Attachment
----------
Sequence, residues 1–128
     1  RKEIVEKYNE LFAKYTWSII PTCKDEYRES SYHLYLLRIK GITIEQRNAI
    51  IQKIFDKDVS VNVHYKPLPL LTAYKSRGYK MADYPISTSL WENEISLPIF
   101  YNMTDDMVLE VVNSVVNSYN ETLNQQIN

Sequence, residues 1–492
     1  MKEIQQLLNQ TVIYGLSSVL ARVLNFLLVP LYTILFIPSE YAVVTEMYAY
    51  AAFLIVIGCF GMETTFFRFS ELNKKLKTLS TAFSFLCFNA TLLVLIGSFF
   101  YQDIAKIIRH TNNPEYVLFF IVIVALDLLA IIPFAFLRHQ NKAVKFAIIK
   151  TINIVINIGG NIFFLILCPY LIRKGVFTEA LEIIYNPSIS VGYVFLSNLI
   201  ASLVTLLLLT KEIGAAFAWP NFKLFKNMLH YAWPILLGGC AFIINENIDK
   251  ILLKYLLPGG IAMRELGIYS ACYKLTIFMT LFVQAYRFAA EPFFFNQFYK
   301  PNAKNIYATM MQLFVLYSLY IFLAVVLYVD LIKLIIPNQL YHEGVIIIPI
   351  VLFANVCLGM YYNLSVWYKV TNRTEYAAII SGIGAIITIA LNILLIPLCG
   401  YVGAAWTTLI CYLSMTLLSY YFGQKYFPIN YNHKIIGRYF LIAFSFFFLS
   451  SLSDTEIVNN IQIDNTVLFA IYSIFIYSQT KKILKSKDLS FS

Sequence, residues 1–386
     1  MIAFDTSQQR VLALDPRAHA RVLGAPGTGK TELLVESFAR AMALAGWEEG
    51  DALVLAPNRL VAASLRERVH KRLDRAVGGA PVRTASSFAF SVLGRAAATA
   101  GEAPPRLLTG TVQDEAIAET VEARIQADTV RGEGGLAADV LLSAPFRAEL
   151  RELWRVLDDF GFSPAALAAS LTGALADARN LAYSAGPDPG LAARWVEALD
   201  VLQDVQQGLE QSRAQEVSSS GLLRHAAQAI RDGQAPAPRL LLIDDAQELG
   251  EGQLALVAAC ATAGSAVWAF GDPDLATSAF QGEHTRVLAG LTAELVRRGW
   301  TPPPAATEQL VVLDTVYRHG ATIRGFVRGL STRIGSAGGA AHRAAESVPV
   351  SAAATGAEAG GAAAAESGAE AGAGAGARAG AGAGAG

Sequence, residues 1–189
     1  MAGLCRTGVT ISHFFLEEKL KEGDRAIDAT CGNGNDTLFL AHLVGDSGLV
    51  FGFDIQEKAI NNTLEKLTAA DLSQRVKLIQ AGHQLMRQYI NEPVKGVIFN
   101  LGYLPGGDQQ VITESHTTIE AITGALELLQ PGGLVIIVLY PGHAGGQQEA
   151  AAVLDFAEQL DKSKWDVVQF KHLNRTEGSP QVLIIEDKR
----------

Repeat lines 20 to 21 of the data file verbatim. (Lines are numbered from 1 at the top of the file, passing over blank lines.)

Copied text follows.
   151  RELWRVLDDF GFSPAALAAS LTGALADARN LAYSAGPDPG LAARWVEALD
   201  VLQDVQQGLE QSRAQEVSSS GLLRHAAQAI RDGQAPAPRL LLIDDAQELG